2017 Holden Trax review: Quick drive

$13,690 $16,280 Dealer
  • Fuel Economy
  • Engine Power
  • CO2 Emissions
  • ANCAP Rating
- shares

It wasn’t that long ago that we had a Holden Trax as part of our long-term vehicle fleet. We remember it as being cheap, cheerful and fun to drive with its turbocharged four-cylinder engine.

The only real negatives we spoke of had to do with the infotainment system and the design, which looked a little too cheerful for our liking – but styling is subjective, so we could have been wrong on that front.

Following our drive of the 2017 Chevrolet Cruze in Nashville, Tennessee, or 2017 Holden Astra sedan as it will be known locally, we had the chance to have a quick steer of the 2017 Holden Trax, which is due to go on sale locally in February.

While the drivetrains will carryover, it’s the design that has received a considerable refresh. The front end now features LED daytime running lights and a new front fascia.

A gaping grille is mated to chrome surrounds and a proudly worn Chevrolet badge. While the rear remains virtually unchanged, it’s the interior that has seen the biggest overhaul.

Interior packaging is still the same – so you get a driver’s side armrest, good leg and headroom in the front and a surprising amount of leg and headroom in the rear.

Headlining the interior changes is a new MyLink infotainment system that comes with Apple CarPlay and Android Auto, which will give it a significant advantage in this segment and price point. The restyled interior comes with flowing angles, chrome surrounds and a simplified button structure beneath the infotainment unit.

The seven-inch colour touchscreen also comes with 4G LTE and WiFi sharing, allowing passengers in the car to connect to the vehicle’s WiFi hotspot and share mobile data. It’s unclear at this stage whether this technology will be available on Australian delivered Trax models.

The speedometer gauge cluster has also received an update with two dials now, instead of the previous system, which included a single dial and an LCD screen.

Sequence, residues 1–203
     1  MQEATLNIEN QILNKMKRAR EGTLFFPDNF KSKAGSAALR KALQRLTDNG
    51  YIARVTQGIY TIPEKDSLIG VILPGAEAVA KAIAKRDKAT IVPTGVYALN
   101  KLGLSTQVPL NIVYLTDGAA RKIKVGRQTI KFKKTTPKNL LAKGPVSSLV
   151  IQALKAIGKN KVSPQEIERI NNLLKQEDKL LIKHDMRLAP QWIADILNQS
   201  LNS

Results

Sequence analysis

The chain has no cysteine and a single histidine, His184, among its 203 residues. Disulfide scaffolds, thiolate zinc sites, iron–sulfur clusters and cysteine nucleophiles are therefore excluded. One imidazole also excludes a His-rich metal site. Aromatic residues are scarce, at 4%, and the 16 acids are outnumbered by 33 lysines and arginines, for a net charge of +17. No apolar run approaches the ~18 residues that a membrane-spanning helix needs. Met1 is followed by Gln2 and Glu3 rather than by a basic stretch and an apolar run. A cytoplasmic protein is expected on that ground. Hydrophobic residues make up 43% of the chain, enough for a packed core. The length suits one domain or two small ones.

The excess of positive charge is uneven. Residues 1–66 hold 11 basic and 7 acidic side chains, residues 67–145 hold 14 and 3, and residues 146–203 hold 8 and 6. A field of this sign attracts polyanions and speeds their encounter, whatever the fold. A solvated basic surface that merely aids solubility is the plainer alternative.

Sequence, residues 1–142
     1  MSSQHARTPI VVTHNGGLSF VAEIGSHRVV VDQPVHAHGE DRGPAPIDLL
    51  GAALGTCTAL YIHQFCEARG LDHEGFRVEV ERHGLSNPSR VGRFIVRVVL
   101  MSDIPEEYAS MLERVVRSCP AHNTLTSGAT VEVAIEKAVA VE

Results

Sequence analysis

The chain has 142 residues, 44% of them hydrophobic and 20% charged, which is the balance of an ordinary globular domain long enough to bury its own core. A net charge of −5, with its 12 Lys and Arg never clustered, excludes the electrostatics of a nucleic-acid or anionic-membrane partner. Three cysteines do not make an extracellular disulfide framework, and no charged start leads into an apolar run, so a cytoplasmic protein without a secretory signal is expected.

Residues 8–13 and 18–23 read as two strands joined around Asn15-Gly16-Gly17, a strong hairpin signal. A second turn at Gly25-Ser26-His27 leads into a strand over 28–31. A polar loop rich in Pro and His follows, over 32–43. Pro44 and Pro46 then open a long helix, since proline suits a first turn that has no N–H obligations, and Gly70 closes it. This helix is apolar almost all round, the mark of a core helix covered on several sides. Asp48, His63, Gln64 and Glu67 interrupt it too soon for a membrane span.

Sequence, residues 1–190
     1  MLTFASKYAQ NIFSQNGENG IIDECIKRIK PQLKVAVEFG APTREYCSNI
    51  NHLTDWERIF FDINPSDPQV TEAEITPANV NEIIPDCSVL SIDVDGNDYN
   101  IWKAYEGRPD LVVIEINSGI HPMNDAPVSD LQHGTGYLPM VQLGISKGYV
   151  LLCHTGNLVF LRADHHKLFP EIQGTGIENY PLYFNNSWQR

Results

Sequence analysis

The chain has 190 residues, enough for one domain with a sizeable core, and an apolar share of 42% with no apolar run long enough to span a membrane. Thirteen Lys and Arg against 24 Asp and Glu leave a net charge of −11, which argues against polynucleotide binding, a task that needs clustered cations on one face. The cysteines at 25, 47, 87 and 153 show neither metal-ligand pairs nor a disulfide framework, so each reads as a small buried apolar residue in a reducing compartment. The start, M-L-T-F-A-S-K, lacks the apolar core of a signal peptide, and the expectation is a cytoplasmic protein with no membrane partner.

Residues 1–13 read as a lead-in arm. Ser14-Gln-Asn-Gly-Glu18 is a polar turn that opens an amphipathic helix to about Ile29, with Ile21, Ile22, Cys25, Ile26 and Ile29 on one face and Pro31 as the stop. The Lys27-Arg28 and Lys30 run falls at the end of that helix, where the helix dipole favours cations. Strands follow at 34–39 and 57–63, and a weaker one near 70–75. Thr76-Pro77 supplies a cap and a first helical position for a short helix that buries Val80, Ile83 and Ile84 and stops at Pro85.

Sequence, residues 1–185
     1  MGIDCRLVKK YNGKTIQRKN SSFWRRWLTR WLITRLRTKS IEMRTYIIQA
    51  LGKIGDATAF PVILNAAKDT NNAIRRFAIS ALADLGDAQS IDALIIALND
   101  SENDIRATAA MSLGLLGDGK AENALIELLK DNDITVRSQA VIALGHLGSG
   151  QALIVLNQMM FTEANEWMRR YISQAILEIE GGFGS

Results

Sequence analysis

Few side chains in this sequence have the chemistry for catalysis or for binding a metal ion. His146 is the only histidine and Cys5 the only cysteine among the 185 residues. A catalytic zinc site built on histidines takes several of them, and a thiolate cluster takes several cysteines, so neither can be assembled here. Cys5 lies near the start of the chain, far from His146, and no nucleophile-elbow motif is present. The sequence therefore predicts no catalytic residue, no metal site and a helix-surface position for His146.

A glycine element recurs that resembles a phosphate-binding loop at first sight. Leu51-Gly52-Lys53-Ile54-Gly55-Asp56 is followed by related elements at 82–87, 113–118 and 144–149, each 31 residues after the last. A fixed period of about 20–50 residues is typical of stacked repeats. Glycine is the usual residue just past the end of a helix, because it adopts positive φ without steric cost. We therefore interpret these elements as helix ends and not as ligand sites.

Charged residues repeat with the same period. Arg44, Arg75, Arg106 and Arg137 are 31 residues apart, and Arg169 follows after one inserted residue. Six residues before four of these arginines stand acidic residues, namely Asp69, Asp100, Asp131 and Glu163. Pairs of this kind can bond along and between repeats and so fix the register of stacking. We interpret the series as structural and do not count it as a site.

Storage within the dashboard which existed on the previous Trax has been deleted, but the glove box is big enough to store odds and ends that would otherwise have sat in that cavity.

There’s a stack of room in the boot with 356 litres available with the second row up and 785 litres available with the second row folded. From that point of view, it’s quite a versatile hatchback cum SUV.

On the open road, the Trax cuts a sleek line. The new design is eye catching and doesn’t have that feeling of cheap and cheerful any longer. It looks modern and like a small SUV fit for a younger crowd.

In the US, Trax is available with features like keyless entry and start, blind spot monitoring, rear cross-traffic alert, forward collision alert and lane departure alert. Like the incoming Holden Astra sedan, the Trax isn’t available with autonomous emergency braking, even as an option.

When it makes its debut in February, the Australian Trax will come with both a 1.8-litre naturally aspirated petrol engine and the 1.4-litre turbocharged petrol engine. The 1.8-litre will only be available on the entry-level Trax and only offered with a five-speed manual. The 1.8-litre engine produces 103kW of power and a modest 175Nm of torque.

Every other Australian Trax will come with the 1.4-litre turbocharged petrol that carries over from the previous Trax.

The 1.4-litre turbocharged petrol engine produces 103kW of power and 200Nm of torque. While it’s the same capacity, it’s not the same as the directly injected 1.4-litre turbocharged petrol engine featured in the upcoming Holden Astra sedan. It’s also restricted to 95RON fuel, which could get pricey depending on the amount you travel.

It’s mated to a six-speed automatic transmission and while fuel consumption figures are yet to be confirmed for Australia, it currently uses 6.9L/100km on the combined cycle in automatic trim. Strangely, the 1.8-litre uses more, coming in at 7.6L/100km for the base five-speed manual model.

Although the turbocharged petrol is a confident engine, it lacks punch off the line and can feel a little sluggish at times.

Despite the engine lacking a little, the Trax makes up for it with a pleasant ride and handling characteristics that make it fun to drive and give it a zippy feel once it has moved off the line. Likewise, brake pedal feel is good and gives you enough confidence on the open road.

With only a very brief drive during our time in Nashville, we’ll have to reserve judgement on a rating until we get behind the wheel of the Trax in Australia.

When it launches in Australia, we expect pricing to remain fairly similar, with a starting price of around $24,000 plus on-road costs.